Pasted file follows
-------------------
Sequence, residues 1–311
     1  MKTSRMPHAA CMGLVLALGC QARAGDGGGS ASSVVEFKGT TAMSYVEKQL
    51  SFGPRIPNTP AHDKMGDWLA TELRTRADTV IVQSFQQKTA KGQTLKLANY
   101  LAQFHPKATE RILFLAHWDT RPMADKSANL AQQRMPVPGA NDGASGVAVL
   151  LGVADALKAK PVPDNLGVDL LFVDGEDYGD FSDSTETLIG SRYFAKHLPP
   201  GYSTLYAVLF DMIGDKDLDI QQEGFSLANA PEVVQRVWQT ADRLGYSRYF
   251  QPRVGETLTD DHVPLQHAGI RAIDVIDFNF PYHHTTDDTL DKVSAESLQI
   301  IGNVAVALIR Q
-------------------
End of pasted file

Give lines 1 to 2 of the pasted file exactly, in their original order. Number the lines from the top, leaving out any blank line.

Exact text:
Sequence, residues 1–311
     1  MKTSRMPHAA CMGLVLALGC QARAGDGGGS ASSVVEFKGT TAMSYVEKQL